By Naomi Kent
So you’ve haphazardly thrown a pair of your beloved denim jeans into the dryer only to discover that upon the next wear you look like you’ve grown three inches. Your most comfortable and flattering jeans that once rested perfectly just below the ankles have undeniably shrunken to an awkward, unflattering length. After tugging, jerking and wrenching in vain, it’s apparent the jeans that once made you feel like a million bucks are now making you feel like you’re waiting for the flood.
Before you toss your beloved denims into the trash, or even worse, cut them into shorts (which by the way has been a bad idea since 1989…) know that you can gain two or more inches in length with some strategic stretching. With a little tugging action you’ll have your favorite jeans back – and you’ll be manipulating the length of all your shrunken denim without having to call grandma to whip out her infamous sewing machine. (Note: Call grandma anyway to tell her how you’ve magically revamped your entire wardrobe; she’ll think you’re a genius).
First and foremost, let’s touch on jean care as to prevent the costly damage of any future denim purchases. Denim, which is made of cotton or a cotton blend, will undoubtedly shrink when exposed to hot water or a hot dryer. If your new jeans already fit perfectly, be sure to always wash them in cold water with “like colors” to keep the color from fading, and hang them to dry to keep the fibers from shrinking.
If your jeans were mistakenly exposed to damaging heat, and they’ve crept up an inch or two, follow these simple steps:
- Toss your jeans back in the wash (this time in cold water) and begin the stretch immediately after the spin cycle has completed.
- Either by yourself or with a friend (you’ll gain more length with the strength of two people), stretch one pant leg at a time, one seam at a time. Begin by placing one hand at the crotch of the jeans, and the other at the hemline of the inseam and pull slowly and steadily.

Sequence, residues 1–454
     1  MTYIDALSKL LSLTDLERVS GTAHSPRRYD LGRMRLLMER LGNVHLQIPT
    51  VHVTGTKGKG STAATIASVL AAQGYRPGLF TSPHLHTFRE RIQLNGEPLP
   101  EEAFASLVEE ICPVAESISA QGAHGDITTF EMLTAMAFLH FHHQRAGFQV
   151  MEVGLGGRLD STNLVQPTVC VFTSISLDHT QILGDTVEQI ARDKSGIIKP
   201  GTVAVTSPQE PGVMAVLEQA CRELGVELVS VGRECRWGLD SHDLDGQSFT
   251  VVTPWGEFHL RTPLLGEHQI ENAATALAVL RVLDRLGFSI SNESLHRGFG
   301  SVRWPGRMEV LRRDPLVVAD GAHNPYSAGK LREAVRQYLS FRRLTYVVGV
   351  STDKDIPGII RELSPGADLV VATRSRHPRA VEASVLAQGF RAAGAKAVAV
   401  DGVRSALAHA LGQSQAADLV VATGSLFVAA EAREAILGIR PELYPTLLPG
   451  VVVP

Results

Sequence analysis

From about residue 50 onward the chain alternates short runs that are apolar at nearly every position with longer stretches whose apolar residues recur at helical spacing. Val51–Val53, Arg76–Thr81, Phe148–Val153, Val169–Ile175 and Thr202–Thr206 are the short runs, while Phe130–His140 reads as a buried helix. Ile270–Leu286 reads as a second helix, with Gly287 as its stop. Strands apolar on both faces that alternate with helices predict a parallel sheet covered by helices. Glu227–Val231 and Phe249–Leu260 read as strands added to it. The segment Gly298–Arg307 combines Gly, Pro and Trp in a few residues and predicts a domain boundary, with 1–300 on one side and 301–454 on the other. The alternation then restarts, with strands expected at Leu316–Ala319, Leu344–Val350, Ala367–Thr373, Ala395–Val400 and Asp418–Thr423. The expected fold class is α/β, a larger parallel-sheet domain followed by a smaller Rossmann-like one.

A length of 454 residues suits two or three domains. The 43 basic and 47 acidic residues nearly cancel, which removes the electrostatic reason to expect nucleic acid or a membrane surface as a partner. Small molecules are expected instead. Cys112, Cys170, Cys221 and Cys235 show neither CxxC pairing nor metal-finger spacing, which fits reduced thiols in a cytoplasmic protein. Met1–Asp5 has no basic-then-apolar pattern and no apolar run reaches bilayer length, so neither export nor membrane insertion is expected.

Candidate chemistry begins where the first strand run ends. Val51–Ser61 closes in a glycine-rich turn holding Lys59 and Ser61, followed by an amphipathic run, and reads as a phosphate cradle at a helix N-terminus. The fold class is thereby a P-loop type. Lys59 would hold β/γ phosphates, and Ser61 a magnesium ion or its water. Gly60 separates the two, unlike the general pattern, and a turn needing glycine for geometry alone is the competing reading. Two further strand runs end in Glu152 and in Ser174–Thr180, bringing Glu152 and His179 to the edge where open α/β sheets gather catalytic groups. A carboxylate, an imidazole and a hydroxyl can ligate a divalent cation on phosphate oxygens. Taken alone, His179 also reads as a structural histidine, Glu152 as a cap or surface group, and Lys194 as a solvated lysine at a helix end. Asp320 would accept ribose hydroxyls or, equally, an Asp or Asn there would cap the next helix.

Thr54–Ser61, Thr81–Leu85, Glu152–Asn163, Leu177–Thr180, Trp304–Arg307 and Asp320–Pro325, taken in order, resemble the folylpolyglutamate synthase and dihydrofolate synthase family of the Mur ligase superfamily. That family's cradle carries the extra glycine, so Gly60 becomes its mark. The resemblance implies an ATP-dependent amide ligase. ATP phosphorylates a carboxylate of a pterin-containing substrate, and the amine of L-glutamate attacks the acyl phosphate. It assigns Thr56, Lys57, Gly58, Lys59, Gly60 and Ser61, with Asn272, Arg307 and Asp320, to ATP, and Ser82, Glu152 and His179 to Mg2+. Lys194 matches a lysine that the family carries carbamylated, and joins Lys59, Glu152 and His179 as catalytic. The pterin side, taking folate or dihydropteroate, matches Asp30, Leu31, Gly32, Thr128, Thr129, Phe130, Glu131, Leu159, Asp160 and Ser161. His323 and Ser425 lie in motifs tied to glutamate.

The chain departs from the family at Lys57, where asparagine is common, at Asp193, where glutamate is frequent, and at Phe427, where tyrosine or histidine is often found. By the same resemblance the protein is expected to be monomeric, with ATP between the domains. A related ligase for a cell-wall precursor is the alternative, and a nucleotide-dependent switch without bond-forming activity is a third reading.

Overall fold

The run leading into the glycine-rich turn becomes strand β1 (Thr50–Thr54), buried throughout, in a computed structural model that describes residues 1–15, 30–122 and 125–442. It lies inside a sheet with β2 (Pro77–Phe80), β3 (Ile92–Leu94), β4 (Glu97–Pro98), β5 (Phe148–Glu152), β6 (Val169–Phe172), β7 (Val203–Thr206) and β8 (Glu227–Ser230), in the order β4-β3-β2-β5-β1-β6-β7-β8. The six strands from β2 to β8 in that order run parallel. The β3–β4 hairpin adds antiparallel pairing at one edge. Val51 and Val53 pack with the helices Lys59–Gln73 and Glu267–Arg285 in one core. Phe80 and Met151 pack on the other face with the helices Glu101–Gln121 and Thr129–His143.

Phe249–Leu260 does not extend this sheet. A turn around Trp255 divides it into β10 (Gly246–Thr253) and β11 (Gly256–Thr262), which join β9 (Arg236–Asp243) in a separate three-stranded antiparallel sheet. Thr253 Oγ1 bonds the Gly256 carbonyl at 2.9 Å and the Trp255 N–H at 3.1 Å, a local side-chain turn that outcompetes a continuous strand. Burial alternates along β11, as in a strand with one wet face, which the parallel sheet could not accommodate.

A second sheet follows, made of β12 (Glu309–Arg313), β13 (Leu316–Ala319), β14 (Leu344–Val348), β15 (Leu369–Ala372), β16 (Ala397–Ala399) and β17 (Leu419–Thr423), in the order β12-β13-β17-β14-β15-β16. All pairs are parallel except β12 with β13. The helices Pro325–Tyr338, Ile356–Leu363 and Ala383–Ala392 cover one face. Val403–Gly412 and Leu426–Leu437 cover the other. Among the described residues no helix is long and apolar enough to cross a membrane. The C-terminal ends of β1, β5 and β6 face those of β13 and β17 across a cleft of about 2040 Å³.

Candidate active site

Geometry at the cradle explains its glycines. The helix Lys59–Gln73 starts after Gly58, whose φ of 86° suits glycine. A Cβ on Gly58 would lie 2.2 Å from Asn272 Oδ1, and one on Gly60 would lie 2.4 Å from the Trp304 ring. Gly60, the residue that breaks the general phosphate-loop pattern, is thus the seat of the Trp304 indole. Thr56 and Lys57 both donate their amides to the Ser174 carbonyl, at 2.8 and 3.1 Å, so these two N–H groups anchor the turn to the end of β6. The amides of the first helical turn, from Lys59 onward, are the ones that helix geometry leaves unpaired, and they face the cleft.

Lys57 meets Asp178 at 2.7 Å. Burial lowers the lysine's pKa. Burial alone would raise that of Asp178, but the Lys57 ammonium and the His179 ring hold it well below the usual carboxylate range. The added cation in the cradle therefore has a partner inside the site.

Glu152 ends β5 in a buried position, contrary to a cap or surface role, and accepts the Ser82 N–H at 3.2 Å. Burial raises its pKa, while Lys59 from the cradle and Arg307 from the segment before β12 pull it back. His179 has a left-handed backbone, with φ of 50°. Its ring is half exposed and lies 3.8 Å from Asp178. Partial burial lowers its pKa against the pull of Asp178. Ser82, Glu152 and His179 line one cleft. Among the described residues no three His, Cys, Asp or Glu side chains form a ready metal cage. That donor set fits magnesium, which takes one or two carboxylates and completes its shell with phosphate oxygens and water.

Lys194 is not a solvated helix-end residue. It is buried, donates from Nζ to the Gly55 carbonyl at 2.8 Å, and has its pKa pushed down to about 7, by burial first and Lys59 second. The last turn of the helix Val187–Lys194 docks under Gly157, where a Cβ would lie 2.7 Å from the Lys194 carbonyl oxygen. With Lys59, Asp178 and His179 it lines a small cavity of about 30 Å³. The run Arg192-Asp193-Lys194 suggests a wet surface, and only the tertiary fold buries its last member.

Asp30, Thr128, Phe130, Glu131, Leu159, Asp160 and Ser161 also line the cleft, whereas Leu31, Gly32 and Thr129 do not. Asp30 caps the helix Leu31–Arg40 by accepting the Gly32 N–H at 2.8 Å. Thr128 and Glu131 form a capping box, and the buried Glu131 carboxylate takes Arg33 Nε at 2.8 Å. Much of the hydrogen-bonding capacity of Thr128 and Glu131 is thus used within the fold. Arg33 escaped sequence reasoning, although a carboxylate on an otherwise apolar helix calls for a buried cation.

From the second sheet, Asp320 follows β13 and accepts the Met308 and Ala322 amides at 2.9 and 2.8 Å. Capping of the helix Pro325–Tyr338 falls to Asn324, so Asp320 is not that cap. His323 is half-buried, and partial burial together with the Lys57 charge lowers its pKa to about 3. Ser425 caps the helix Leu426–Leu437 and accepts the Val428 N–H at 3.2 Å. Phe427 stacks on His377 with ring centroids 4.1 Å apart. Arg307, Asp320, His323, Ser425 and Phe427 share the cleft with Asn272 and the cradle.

- Repeat the same stretch on the outer seam, directly across where the initial stretch was performed. Finish the stretch by performing the same steady, pulling action in the middle of the jean leg, holding the jean material at crotch level with the other hand firmly on the hem. Repeat the same steps with the other leg.
Be careful not to tug too violently as weak, damaged denim can separate and tear. Denim with lycra/spandex blends can gain three to four inches through stretching, so carefully stretch a little at a time until you come to the ideal length.
To accurately measure your progress without trying on the wet jeans, hold the crotch seam of the jeans to your own while standing, and observe where the hem falls around your ankle. Additionally, fold the jeans in half on a flat surface, and line up the seams to ensure both legs are equal in length.
Most denim jeans can be safely altered using this simple method. Some jeans can also be stretched for additional width (depending on the direction of the threading) to gain an extra inch in the thigh, hip, waist, and lower leg. Not only will denim stretching save you some money, you might even gain a little muscle in the process. Five minutes is all it takes to revamp those jeans – and to avoid that “waiting for the flood look” forever!